Lots of people/groups/projects don't think why they do things, they just do them because they're stuck in the mindset of "it's the right way to do things and anyone who thinks otherwise is stupid". 


Agreed. Specifically for Linux/LinuxBIOS... they are too damned concerned about making *every single system* run their kernel instead of specialized kernel development that hosts a generic OS layer.


One major example of this is the misconception that open source makes everything perfect.  It's amazing how many people seem to think that Java becoming open source means that it will instantly (magically) become more secure.  The ironic problem is that now people don't have to disassemble and reverse-engineer it to find the security flaws, so although it won't technically be any less secure, it'll be a whole lot easier to attack.


Open-source has the attribute that holes tend to get closed as fast as they are opened. This only accelerates the on-going battle between malicious types and software developers.


Another one is that no implementation should be done until everything is designed and that no testing should be done until everything is implemented, and lastly, that testing is the last phase of the development cycle.  Hmmm.... what if there's a design problem that is dependent on the implementation, and then isn't discovered until the test phase because nothing was tested before then?  Well, testing is the last phase, so the design flaw will just have to stay there throughout the lifetime of the product, because doing all testing last is "the right way to do things". ;)  If you're not prototyping your designs and trying them out during the "design phase", it's a sure one-way ticket to pain.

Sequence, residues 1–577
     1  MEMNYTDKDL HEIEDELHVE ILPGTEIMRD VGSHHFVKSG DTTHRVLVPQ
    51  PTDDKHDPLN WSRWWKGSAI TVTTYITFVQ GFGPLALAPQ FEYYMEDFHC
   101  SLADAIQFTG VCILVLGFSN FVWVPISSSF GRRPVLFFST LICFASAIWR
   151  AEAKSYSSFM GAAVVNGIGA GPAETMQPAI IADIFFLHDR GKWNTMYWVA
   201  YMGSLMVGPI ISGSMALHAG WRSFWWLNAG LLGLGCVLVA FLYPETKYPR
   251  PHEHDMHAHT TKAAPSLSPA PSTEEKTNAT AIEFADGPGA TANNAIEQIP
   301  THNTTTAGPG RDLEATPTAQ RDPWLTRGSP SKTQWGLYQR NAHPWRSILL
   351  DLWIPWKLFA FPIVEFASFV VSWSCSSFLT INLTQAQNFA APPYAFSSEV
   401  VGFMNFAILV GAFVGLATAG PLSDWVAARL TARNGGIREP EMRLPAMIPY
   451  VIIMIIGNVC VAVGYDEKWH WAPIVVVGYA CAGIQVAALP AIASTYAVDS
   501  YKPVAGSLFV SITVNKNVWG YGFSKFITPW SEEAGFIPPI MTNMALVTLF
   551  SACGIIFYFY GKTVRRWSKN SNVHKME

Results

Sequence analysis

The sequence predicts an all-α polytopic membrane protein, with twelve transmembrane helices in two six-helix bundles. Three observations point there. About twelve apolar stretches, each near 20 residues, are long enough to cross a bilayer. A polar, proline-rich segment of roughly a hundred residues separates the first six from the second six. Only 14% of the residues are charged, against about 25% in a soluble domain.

I am overly fanatic about testing code. For my OS Development, I don't get away with more than a few blocks/procedures of code without throughly testing that it works. This is where Bochs comes in handy. After I get done implementing entire ideas/designs, I test on a real PC and work things out from there.


Perhaps the most general and problematic one these days is the "my boss told me to do it this way, so I'm doing it this way no matter what".  If you know of a better way to do something, or if you forsee a fatal problem, your boss wants to hear it.  They often get paid based on the project's productivity, so if you can save a week of work by making a simple change, let them know.  They'll often just tell you how to do something so that you won't sit there wondering how to do it.  An example of this was that a friend of mine was asked to manually remove duplicates from a huge list of names.  He wrote a simple program to do in a few seconds what would have taken him a few days. :)  His boss simply hadn't thought of writing a program for it.